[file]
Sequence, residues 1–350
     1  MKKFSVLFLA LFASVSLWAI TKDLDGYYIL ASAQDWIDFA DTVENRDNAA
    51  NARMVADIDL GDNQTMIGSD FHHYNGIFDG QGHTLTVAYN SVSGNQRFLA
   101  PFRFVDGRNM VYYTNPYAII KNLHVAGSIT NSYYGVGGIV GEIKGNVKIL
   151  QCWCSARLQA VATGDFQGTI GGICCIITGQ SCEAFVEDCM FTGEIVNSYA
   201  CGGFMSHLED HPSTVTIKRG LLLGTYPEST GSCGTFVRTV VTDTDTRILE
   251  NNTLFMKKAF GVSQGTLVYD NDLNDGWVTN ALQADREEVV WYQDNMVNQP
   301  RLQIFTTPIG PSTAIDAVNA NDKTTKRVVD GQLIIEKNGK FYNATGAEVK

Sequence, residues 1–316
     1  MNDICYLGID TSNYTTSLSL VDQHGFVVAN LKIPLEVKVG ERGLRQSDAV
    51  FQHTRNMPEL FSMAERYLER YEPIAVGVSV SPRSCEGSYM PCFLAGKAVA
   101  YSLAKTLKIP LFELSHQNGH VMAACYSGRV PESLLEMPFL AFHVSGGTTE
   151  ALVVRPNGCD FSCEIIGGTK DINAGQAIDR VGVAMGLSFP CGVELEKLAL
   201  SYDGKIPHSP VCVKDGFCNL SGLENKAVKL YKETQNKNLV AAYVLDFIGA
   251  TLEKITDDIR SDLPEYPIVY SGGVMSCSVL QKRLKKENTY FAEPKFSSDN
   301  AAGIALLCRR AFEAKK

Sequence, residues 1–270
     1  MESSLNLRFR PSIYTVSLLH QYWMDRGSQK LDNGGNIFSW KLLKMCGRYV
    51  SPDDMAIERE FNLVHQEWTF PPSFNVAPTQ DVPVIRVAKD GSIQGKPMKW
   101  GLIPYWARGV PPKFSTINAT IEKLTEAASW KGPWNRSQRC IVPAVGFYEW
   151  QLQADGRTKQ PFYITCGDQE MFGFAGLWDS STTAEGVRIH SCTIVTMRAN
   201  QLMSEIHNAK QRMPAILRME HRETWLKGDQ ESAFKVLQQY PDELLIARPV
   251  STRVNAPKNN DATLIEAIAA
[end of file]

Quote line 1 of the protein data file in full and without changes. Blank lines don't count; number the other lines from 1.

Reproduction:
Sequence, residues 1–350